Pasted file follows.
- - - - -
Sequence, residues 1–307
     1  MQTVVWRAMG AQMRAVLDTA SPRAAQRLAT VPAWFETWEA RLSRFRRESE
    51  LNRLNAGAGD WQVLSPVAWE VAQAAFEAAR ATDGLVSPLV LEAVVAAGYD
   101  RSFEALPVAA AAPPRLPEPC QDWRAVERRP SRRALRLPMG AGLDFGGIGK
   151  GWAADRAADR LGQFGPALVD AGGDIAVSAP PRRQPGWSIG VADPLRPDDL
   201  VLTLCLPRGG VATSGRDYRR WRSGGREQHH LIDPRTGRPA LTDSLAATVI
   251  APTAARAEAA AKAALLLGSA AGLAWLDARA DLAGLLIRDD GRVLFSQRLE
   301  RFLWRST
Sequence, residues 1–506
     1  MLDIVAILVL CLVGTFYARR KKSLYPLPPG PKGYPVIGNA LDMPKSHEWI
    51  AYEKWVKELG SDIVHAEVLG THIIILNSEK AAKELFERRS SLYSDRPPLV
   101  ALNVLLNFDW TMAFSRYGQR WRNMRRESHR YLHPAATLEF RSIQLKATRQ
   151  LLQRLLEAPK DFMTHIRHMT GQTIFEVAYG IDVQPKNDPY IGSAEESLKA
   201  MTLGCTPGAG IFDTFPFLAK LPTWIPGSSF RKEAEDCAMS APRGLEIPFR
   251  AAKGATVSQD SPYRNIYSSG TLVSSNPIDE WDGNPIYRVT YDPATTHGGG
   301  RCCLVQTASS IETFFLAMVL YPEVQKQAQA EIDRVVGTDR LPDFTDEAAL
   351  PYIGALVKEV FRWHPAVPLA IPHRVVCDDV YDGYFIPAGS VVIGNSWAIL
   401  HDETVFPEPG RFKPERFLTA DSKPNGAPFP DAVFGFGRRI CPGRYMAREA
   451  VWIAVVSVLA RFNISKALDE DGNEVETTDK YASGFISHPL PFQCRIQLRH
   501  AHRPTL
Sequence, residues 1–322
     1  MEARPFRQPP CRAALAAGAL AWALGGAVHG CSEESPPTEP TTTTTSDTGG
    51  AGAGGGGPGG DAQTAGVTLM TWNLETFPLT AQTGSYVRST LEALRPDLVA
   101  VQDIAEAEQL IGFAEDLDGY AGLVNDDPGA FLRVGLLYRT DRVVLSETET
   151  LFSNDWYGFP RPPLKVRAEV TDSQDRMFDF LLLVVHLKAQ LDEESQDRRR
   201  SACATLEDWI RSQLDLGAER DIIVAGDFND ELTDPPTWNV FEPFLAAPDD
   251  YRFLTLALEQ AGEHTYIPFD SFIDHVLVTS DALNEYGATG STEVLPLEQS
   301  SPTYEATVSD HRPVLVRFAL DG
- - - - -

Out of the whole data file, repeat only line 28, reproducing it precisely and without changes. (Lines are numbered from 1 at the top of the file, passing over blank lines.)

   301  SPTYEATVSD HRPVLVRFAL DG